There is a lot of talk about whether or not the Peace Walls or the murals should remain, and I hope to tackle that question from the preservation/reconciliation side in the future. In the meantime, read more about it here, here, here, and here. There is also a lot of talk among residents, found here, and here. Another good article about architecture and conflict is available here.
One we passed through a gate in the walls to the Irish side, we visited a memorial on Bombay Street. Here, the neighborhood had constructed a memorial to those killed, just in that one neighborhood, as a direct result of the Troubles. The Clonard Martyrs Memorial Garden lists each name and stands directly in the shadow of the walls. The Conflict Archive on the Internet posted a video tour of the memorial on youtube here.
While we were at the memorial, the guides showed us the “non-lethal” rubber bullets that killed so many people in the Irish neighborhoods. Dominic Marron is considered the most recent death as a result of plastic bullets. He passed away in 2004 from complications related to being shot at the age of 15 in 1981. The memorial and all the names of those killed or injured or otherwise impacted by the Troubles made a huge impression on us.
At the end of the tour, we guessed which sides our tour guides grew up on; based on the tours, we guessed that one was English and the other was Irish – turns out both were raised on the Irish side! They did a fantastic job telling the whole story without letting their own personal biases show, which shows an incredible amount of forgiveness and/or professionalism.
The presentation of such recent and fresh difficult histories brings any problems and questions; I hope to address these more soon. Another public history aspect of the murals is Belfast has to do with preservation of the murals: can they be preserved, and should they be? What feelings do they still stir among residents or visitors?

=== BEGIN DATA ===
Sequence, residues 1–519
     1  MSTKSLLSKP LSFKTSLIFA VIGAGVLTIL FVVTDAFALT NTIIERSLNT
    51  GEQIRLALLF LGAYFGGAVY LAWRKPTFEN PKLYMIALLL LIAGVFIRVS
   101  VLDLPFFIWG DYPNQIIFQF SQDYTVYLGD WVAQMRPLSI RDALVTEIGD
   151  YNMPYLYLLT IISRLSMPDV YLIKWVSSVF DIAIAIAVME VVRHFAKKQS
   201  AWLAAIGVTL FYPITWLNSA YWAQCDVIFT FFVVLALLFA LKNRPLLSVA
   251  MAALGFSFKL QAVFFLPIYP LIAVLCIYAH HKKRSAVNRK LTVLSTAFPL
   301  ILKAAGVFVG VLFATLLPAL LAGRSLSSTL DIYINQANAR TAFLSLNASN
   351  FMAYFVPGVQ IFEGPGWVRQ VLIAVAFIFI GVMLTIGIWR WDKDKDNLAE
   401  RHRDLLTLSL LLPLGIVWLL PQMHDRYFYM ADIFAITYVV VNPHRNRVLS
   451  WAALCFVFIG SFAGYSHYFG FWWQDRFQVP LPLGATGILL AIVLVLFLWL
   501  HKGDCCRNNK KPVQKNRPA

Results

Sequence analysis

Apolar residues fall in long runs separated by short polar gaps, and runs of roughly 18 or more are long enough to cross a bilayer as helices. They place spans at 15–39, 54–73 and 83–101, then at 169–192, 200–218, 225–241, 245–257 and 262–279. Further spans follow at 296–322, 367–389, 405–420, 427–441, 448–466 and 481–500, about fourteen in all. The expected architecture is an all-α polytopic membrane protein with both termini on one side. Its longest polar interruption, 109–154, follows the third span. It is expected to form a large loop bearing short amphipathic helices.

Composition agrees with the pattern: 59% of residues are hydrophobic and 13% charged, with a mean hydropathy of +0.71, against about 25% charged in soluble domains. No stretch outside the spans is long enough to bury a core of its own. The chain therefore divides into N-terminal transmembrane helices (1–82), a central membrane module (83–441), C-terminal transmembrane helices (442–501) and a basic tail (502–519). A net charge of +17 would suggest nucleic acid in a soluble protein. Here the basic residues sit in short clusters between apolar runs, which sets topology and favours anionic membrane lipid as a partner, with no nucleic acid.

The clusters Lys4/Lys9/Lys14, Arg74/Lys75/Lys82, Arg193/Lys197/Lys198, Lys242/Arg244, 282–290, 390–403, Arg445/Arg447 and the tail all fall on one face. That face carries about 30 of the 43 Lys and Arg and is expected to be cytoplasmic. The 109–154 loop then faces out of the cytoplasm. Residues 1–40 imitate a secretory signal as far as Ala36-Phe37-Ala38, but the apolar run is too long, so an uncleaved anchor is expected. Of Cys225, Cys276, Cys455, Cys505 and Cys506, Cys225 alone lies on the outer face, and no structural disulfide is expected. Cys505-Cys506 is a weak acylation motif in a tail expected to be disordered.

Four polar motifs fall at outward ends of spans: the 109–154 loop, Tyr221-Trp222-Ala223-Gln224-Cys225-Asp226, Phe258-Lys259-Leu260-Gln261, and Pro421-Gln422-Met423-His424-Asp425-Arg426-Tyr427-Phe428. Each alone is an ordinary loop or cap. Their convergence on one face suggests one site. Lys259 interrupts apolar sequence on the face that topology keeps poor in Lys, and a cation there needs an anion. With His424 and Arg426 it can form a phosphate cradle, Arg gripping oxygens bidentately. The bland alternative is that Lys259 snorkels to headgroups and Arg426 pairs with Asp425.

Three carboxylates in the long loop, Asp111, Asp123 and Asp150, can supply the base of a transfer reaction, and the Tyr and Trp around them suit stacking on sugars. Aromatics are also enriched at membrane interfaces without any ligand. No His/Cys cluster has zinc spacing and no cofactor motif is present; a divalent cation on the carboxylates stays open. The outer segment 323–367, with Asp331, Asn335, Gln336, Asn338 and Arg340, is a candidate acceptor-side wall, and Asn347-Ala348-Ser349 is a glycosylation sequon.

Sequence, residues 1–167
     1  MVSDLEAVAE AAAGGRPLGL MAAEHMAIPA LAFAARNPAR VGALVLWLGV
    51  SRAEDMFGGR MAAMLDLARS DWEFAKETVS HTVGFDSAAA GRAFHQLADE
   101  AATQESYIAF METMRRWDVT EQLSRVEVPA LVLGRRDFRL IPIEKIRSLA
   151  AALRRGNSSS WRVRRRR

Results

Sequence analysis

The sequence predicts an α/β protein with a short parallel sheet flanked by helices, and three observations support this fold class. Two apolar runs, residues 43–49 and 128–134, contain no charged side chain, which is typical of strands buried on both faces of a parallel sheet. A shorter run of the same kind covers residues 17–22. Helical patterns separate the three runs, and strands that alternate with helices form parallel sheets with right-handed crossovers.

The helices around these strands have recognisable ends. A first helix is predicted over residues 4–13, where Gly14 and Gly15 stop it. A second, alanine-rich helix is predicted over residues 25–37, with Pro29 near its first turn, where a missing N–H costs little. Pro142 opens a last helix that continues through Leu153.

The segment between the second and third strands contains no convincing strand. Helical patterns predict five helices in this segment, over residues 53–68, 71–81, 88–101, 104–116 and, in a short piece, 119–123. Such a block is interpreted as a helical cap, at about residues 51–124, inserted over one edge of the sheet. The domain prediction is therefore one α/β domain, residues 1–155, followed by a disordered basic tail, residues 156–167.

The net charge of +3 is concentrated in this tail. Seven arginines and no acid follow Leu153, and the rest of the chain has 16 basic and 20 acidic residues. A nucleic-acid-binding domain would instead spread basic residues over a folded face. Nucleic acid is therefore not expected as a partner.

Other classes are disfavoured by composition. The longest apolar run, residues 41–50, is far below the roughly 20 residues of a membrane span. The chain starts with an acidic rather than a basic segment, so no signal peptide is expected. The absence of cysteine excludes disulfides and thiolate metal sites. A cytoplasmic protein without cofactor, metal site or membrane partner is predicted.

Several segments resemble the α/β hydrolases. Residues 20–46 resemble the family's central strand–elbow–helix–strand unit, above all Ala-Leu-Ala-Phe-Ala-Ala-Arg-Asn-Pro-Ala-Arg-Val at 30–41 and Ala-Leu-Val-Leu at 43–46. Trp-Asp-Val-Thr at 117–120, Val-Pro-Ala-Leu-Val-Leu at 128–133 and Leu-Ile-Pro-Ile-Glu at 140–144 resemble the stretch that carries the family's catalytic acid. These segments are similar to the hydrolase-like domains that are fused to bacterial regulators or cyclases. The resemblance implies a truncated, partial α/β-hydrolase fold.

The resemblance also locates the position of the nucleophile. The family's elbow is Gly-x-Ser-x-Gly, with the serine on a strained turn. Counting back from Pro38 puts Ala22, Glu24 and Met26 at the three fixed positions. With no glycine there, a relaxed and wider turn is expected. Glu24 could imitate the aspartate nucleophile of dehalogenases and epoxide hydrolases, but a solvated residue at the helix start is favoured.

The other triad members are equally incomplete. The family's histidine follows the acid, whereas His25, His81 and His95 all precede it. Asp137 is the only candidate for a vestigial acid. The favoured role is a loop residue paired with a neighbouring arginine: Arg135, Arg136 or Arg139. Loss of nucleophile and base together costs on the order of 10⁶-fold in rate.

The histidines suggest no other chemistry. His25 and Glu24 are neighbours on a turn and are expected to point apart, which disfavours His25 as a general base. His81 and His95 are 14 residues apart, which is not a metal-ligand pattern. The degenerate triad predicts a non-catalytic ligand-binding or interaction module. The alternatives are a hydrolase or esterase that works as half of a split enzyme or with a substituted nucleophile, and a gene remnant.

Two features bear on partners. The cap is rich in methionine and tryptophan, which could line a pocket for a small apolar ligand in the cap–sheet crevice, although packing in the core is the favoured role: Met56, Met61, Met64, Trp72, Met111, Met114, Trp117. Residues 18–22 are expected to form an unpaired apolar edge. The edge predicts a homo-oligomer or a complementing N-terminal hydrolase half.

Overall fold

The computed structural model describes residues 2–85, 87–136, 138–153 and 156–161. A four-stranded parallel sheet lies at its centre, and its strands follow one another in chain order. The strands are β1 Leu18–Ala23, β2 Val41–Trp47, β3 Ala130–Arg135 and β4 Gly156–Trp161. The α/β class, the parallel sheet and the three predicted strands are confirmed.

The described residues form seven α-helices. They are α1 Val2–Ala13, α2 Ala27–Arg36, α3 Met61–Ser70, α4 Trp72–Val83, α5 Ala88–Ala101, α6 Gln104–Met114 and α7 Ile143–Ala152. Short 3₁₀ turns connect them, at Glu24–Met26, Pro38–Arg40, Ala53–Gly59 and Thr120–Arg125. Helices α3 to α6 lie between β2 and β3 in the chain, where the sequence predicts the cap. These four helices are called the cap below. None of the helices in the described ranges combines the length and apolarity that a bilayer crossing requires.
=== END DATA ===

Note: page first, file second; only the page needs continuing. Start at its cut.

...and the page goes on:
I was only 12 when the Good Friday Peace Agreement was signed, so I can barely remember seeing some of the violence on the news. This tour, the information I learned from Wayne, the tour at Kilmainham, and during my travels around Ireland really struck a chord with me. As I said at the beginning of this post, I really hope to explore this history more. There is DEFINITELY another trip to Belfast in our future to learn more. The question of safety in Belfast always comes up among tourists and concerned friends and family. Our tour guides assured us that it is one of the top destinations for tourist, and the Visit Belfast website (albeit a obviously biased site!) lists all of the awards and lists they have made over the past several years.
I will admit that hearing about the car bombing the same month I visited, the topics of the tour, and the general gloom of the evening when we were there made me somewhat uneasy. That won’t stop me from coming back, however!
If you have any personal stories related to the Troubles, please comment below or contact me – I’d love to learn more about it.
Things to see next time:
- More time in Belfast in general
- More time in Northern Ireland in general
- City Hall
- Titanic Museum!
- Europa Hotel